Who Was Rachel McKay?

  • Jul. 10, 2014 12:00 p.m.

Pipestone Flyer

The City of Leduc has a program where individuals who have made major contributions to the development of the community are honored with having a neighbourhood or community park named after them. To date four women have received that honour. One of them is Rachel McKay.

Rachel McKay was born in August of 1873 in Breechburg, Ontario of Irish Catholic decent. On April 23rd, 1896 23 year old Rachel married a 28-year-old young man from Pembroke in our nation’s capital. Owen McKay was a likeable young man working for the Canadian Pacific Railroad (CPR). Unknown to them, at the time, the two were destined to make a major impact on the development of Leduc.

In 1898, the CPR wanted to add a station manager to the Leduc Station. Up to that time George A. Liggins was both the section foreman and station manager for Leduc and as the volume of business increased the CPR decided that they needed a separation of duties and offered the station manager position to McKay. Owen was working in Northern Ontario in the Muskoka District and had just become a father with the birth of his daughter, May, in 1897, but was able to convince Rachel that their future laid to the west.

Owen was a skilled telegraphy operator and very likeable with his enthusiastic approach to his work. He would often say that CPR stood for Courtesy, Patience, and Reliability.

He realized that homesteaders needed service when they needed it and often that was not during business hours, so he made himself available day or night. Over the years this would take a toll on his body, especially when you consider the many responsibilities he added to serve Leduc’s municipal needs, and then establish a sideline farm just west of Leduc. Early in 1906 he joined with newcomer Charles R. Carroll to establish a land sale and insurance business, which would evolve into today’s Gaetz Insurance.

Owen would die suddenly in 1907 and never get to see the birth of his fifth child, a girl named Cathleen. Rachel had become a widow at the age of 34 with five young children and only a small farm to make a living. The citizens of Leduc rallied around the young family, and in 1908, when Leduc’s postmistress Jo Clough married and moved to Edmonton, they convinced the government to award the position to Rachel. Rachel would become Leduc’s third postmaster and would continue in that position until 1948.

Rachel’s personality was similar to her husband’s, and it wasn’t long before the post office became the center of not only picking up your mail but also for exchanging the news of the day. For the next forty years Rachel was Leduc’s postmistress and was able to raise her five children in the place she and her husband had come to love. May, her oldest, became a schoolteacher and her son, Kenneth, would succeed her as postmaster by the end of 1948. Her daughter Glennie moved to Los Angles with her husband Jack Haggerty, while Gertrude and Kathy both married and settled in Edmonton to raise their families.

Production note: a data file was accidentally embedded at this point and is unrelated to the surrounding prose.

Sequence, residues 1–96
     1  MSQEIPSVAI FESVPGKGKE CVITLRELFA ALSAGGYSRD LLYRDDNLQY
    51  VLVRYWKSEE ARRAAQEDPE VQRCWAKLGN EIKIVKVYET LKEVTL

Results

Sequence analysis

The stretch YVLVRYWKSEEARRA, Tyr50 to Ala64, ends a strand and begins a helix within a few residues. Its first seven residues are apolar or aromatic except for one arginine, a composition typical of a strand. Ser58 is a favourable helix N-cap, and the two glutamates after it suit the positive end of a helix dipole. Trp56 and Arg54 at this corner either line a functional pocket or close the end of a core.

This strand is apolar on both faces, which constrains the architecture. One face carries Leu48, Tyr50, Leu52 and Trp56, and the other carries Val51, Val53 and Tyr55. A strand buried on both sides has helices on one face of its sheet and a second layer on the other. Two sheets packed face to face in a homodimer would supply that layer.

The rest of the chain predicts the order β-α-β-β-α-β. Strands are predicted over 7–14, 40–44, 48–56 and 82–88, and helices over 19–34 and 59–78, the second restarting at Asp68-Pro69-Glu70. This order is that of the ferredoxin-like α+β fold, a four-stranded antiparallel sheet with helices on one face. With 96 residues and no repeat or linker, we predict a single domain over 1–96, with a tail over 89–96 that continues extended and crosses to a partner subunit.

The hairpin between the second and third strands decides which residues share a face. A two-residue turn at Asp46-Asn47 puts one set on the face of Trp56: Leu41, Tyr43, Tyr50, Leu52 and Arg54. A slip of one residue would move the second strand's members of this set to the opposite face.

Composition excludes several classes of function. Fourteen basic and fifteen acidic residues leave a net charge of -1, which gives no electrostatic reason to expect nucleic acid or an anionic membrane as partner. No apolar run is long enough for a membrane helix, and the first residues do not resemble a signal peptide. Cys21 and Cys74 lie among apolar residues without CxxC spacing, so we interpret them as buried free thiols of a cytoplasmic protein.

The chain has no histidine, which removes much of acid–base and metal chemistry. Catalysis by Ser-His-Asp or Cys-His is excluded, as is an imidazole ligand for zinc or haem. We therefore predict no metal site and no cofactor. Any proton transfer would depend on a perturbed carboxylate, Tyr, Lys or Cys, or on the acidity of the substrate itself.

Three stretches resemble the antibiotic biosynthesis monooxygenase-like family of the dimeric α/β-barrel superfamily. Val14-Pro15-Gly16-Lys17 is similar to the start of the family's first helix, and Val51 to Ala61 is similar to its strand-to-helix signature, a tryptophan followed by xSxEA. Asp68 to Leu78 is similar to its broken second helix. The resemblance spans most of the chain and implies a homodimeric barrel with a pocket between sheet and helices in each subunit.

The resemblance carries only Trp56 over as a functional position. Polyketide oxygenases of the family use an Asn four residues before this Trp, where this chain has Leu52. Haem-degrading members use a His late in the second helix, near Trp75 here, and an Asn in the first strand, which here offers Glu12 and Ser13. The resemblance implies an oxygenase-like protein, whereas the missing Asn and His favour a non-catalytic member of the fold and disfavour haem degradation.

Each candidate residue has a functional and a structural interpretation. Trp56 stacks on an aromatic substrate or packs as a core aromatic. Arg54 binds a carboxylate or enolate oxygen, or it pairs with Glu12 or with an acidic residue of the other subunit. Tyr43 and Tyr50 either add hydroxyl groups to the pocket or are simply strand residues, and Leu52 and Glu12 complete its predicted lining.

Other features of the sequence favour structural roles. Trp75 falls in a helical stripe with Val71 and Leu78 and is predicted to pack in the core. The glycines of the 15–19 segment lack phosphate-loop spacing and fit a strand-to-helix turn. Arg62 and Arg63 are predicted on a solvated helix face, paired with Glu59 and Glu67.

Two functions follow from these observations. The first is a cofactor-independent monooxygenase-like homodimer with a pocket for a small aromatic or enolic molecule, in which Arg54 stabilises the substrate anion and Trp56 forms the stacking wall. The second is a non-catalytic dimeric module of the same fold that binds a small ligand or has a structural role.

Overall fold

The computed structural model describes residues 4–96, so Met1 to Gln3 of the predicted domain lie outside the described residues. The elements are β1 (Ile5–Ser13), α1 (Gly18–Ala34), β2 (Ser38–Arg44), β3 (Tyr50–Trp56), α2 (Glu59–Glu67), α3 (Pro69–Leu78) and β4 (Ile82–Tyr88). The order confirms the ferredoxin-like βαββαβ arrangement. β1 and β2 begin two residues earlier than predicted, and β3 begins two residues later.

By 1947 Leduc’ population had out grown the capabilities of the post office and when the mail for the Christmas season inundated the Post Office and one could barely see the top of Rachel’s head, the community knew it was time for a bigger Post Office. With the support of the Board of Trade, Leduc was able to convince the federal government to purchase the recently closed Maple Leaf Café and convert it into a post office. It would take most of the year to convert the Café and when it opened in November of 1948 Rachel’s son had become Leduc’s Postmaster.

Rachel was 76 and ready for retirement after being an integral part of Leduc’s progress during its earliest years. Rachel would live long enough to watch the construction of the Federal Building and the new Post Office in 1950 before passing away at 79 in 1951. Her son would remain as postmaster until 1965 bringing an end to the McKay’s involvement in delivering the mail to Leduc citizens after fifty-seven years.

In recognition of the contribution Rachel McKay made to the development of Leduc, a neighbourhood park was named after her along Black Gold Drive across the street from the Gateway Family Church, not far from where her husband and she had established their small farm. Who was Rachel McKay? She was an example of that pioneer spirit that made Leduc the city it has become and a woman that did what she had to do to survive and make a lasting home for her children.

Pictured: Rachel McKay Park alongside Black Gold Drive in Leduc, AB. Photo by Tom Dirsa

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